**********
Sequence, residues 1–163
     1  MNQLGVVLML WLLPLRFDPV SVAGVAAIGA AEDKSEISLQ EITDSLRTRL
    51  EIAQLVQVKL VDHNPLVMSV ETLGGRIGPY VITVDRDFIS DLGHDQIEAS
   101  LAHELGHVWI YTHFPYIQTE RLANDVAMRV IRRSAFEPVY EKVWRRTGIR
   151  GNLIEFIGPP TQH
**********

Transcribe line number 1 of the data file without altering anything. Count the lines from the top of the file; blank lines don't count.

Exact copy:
Sequence, residues 1–163